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Trait rejection sensitivity is associated with vigilance and defensive response rather than detection of social rejection cues.

Kawamoto T, Nittono H, Ura M - Front Psychol (2015)

Bottom Line: We compared the effects of RS and Rejection Detection Capability (RDC) on perceived interpersonal experiences (Study 1) and on neurocognitive processes in response to cues of social rejection (disgusted faces; Study 2).We found that RS and RDC were not significantly related, although RS was positively related to perceived social rejection experiences and RDC was positively related to perceived social inclusion experiences.We discussed an alternative explanation of the relationship between RS and RDC from a signal detection perspective.

View Article: PubMed Central - PubMed

Affiliation: Japan Society for the Promotion of Science Tokyo, Japan ; Graduate School of Arts and Sciences, The University of Tokyo Meguro-ku, Japan.

ABSTRACT
Prior studies suggest that psychological difficulties arise from higher trait Rejection Sensitivity (RS)-heightened vigilance and differential detection of social rejection cues and defensive response to. On the other hand, from an evolutionary perspective, rapid and efficient detection of social rejection cues can be considered beneficial. We conducted a survey and an electrophysiological experiment to reconcile this seeming contradiction. We compared the effects of RS and Rejection Detection Capability (RDC) on perceived interpersonal experiences (Study 1) and on neurocognitive processes in response to cues of social rejection (disgusted faces; Study 2). We found that RS and RDC were not significantly related, although RS was positively related to perceived social rejection experiences and RDC was positively related to perceived social inclusion experiences. Event-related brain potentials (ERPs) revealed that higher RS was related to cognitive avoidance (i.e., P1) and heightened motivated attention (i.e., late positive potential: LPP), but not to facial expression encoding (i.e., N170) toward disgusted faces. On the other hand, higher RDC was related to heightened N170 amplitude, but not to P1 and LPP amplitudes. These findings imply that sensitivity to rejection is apparently distinct from the ability to detect social rejection cues and instead reflects intense vigilance and defensive response to those cues. We discussed an alternative explanation of the relationship between RS and RDC from a signal detection perspective.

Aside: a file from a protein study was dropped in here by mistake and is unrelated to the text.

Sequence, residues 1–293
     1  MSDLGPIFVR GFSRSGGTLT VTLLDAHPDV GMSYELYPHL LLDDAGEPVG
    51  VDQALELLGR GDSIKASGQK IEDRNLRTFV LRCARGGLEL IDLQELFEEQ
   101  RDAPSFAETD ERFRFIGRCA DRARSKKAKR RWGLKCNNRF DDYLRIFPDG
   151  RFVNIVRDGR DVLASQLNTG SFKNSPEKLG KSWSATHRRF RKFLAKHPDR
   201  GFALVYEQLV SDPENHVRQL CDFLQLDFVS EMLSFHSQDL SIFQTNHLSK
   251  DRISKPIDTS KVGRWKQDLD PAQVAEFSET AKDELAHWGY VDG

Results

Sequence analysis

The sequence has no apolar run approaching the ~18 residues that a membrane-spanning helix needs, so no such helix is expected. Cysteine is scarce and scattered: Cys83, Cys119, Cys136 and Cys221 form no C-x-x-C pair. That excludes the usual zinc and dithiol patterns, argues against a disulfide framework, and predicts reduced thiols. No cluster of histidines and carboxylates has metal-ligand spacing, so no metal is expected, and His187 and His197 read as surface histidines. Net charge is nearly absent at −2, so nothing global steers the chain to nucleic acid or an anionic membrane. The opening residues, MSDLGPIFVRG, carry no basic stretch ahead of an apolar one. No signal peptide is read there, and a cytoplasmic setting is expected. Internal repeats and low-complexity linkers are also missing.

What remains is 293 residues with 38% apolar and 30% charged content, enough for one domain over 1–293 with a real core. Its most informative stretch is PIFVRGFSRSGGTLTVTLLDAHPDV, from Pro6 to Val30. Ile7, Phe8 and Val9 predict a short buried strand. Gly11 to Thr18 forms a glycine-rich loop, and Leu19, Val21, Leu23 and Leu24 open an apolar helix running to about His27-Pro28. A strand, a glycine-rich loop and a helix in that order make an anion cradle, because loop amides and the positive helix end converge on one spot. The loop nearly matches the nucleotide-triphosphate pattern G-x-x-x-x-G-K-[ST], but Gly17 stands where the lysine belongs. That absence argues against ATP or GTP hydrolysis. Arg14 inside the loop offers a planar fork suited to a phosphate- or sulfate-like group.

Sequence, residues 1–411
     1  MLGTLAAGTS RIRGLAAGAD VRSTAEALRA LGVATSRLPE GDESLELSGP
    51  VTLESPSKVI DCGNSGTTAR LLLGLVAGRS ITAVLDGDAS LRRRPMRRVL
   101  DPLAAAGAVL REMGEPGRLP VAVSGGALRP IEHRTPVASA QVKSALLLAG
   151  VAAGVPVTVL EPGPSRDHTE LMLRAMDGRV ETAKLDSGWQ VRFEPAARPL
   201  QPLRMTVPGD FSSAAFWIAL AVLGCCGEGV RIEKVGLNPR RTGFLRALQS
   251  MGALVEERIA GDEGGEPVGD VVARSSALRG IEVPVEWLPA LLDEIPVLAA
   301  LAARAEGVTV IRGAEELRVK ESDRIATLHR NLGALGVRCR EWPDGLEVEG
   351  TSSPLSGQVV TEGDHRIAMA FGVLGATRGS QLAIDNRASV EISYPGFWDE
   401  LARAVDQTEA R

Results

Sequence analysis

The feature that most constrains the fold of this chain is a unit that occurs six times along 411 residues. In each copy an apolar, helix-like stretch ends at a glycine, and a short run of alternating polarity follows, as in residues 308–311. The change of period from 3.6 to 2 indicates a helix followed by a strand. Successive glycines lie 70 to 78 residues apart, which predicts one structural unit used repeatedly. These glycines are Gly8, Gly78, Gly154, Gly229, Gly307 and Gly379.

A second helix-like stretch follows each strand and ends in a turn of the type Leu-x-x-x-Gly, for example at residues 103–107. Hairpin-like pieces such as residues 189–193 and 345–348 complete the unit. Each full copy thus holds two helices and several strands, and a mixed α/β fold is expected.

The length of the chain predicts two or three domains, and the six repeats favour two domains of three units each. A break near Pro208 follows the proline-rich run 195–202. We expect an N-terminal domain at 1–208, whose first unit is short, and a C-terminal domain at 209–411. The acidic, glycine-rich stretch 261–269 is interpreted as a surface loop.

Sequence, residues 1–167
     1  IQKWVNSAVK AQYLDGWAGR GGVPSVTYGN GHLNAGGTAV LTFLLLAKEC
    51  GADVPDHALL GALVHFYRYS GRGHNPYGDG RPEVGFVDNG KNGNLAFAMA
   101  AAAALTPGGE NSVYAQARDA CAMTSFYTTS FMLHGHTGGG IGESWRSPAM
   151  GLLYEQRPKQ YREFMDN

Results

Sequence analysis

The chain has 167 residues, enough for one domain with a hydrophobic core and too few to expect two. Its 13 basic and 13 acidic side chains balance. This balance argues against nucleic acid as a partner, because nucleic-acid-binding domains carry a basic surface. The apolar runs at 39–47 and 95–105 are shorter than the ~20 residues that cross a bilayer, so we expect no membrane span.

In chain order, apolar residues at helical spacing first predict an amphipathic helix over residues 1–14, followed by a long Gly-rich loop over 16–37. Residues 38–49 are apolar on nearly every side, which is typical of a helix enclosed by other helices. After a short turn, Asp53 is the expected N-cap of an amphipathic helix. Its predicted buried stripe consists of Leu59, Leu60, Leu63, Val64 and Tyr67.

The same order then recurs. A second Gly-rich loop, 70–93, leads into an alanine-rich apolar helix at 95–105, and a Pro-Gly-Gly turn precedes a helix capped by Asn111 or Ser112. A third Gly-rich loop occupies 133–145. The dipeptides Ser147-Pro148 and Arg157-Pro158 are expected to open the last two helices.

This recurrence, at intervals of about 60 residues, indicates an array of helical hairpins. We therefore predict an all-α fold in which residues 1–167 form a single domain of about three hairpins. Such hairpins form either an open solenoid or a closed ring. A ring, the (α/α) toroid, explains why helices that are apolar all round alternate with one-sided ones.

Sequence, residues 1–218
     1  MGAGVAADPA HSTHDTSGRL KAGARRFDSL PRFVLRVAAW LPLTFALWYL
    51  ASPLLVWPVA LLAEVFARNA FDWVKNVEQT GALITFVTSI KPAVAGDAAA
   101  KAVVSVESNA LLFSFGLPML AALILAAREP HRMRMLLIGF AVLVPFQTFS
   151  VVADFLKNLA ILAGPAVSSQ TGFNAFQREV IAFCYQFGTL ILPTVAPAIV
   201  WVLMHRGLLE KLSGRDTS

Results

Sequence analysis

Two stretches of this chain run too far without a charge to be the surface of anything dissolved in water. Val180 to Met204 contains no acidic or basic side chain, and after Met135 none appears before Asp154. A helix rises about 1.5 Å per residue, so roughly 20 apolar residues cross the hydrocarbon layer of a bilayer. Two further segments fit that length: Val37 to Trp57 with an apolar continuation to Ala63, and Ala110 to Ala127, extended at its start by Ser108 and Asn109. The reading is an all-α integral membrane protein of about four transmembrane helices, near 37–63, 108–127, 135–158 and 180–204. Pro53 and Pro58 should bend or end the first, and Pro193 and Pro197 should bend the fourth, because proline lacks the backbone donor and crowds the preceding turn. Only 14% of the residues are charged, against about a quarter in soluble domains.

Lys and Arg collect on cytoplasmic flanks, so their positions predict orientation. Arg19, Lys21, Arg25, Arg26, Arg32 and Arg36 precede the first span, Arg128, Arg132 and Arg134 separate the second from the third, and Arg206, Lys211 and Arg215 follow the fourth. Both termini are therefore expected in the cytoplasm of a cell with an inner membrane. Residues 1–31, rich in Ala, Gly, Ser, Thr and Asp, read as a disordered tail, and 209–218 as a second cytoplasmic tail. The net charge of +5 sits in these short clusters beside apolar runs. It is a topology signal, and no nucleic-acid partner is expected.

No MeSH data available.


Correlations between LPP amplitude in response to smiling faces and RS (left), RDC (right).
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Figure 2: Correlations between LPP amplitude in response to smiling faces and RS (left), RDC (right).

Mentions: Consistent with Study 1, RS and RDC were unrelated (r = 0.13, p = 0.45). Figure 1 shows the results of ERP and scatter plots of each trait score (RS and RDC total scores) and each ERP component (P1, N170, and LPP) in response to disgusted faces. Figure 2 shows scatter plots of each trait score (RS and RDC total scores) and LPP amplitude in response to smiling faces. Table 3 summarizes all correlation coefficients between trait scores and ERP components.